Once upon a time, the term "Black Monday" was to Wall Street what the name "Lord Voldemort" was to Hogwarts. It turned the air freezing cold and sent traders flinching around every corner in fear of a repeat of the October 19, 1987 or October 28, 1929 meltdown.

Case in point: The 2008 "Black Monday" anniversary. At the time, the U.S. stock market was locked in a ferocious downtrend that included regular, triple-digit daily declines of 400 points and more. Needless to say, when the final two Mondays of October arrived, the least superstitious investors surrounded their portfolios with more good-luck talismans than a Bingo player. See October 19, 2008 AP headline below:

"Black Monday: Stocks Sink As Gloom Seizes Wall Street. Prolonged Economic Turmoil" is seen.

That was then. Today, the usual dread surrounding the back-to-back string of "Black Mondays" is nowhere to be found. In its place, media reports abound of a new, global bull market "shrugging off," "ignoring," and "making a distant memory" of the event.

For one, "gloom" hasn’t "seized" the U.S. stock market in quite a while; from its March 2009 low, the Dow has risen more than 50% to above the psychologically important 10,000 level. For another, the mainstream experts insist that today’s financial animal is unrecognizable to that of 1987, and especially 1929. In their eyes, it’s a completely different — i.e. safer, smarter, and sounder system.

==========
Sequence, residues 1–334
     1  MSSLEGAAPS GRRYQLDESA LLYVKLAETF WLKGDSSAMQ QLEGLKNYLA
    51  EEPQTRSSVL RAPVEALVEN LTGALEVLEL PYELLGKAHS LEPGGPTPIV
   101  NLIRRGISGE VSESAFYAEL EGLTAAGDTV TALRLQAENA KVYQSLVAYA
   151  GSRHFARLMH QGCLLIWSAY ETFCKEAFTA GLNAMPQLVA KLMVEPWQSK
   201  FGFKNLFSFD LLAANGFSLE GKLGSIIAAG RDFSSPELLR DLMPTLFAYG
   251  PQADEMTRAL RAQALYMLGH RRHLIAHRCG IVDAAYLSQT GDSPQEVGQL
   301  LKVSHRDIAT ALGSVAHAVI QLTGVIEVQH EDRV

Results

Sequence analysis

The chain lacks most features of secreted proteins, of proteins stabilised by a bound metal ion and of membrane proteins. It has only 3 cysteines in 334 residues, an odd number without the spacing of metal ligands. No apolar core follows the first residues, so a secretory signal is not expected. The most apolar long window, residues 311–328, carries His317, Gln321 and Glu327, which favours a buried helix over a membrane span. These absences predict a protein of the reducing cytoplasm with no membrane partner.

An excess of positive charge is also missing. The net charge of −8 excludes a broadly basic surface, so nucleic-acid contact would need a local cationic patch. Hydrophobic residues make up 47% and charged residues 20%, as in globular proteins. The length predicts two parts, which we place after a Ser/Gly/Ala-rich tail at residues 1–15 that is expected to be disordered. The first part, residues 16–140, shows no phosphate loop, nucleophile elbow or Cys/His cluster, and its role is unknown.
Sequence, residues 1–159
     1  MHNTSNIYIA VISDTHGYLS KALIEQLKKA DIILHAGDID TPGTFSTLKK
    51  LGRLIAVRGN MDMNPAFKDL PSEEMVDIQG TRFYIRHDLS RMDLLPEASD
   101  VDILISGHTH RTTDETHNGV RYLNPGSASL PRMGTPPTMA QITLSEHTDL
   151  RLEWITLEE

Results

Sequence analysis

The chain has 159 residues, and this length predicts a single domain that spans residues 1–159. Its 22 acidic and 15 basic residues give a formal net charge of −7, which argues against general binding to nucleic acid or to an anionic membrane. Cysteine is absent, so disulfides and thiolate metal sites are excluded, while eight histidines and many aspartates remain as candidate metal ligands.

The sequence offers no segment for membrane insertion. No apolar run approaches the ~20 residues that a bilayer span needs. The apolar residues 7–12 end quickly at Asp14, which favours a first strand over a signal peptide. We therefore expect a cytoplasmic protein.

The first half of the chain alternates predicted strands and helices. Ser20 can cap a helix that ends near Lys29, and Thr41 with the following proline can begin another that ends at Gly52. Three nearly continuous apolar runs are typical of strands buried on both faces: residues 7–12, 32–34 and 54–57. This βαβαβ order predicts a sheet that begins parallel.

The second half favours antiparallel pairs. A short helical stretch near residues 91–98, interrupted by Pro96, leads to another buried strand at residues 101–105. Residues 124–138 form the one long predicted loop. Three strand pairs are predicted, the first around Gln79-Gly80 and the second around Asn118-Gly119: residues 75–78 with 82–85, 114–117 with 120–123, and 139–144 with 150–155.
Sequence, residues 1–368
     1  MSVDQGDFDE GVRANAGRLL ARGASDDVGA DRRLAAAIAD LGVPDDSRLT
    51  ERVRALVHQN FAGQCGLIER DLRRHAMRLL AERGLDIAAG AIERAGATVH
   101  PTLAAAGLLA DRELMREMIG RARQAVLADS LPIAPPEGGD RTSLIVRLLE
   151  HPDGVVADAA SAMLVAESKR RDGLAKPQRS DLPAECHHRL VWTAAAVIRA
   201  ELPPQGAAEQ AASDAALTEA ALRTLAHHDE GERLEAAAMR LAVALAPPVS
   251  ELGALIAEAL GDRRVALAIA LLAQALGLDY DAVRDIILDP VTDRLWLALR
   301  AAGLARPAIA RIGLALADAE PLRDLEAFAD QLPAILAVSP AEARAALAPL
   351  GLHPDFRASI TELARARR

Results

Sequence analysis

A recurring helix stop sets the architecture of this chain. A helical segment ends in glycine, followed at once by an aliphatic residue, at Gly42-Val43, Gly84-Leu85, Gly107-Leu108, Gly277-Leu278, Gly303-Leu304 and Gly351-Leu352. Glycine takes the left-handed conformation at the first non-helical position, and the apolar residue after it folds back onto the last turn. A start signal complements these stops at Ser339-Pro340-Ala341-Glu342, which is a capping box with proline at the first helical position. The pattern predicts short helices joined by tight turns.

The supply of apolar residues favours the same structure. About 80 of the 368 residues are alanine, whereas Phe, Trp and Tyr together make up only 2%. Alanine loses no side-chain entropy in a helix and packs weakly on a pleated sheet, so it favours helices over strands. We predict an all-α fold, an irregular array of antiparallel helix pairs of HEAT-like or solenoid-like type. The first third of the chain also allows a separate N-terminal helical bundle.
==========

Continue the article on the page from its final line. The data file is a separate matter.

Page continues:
We beg to differ.  

See, while the usual experts want to put as much mental distance between today’s market and those that facilitated the 1987 recession and 1929-1932 Great Depression — the physical similarities are impossible to ignore; more so, in fact, to the latter scenario.

Here, the October 2009 Elliott Wave Financial Forecast presents the following news clip from the October 25, 1929 New York Daily Investment News.

Now, take a look…
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Phil's Favorites

Partisan divide creates different Americas, separate lives

 

Partisan divide creates different Americas, separate lives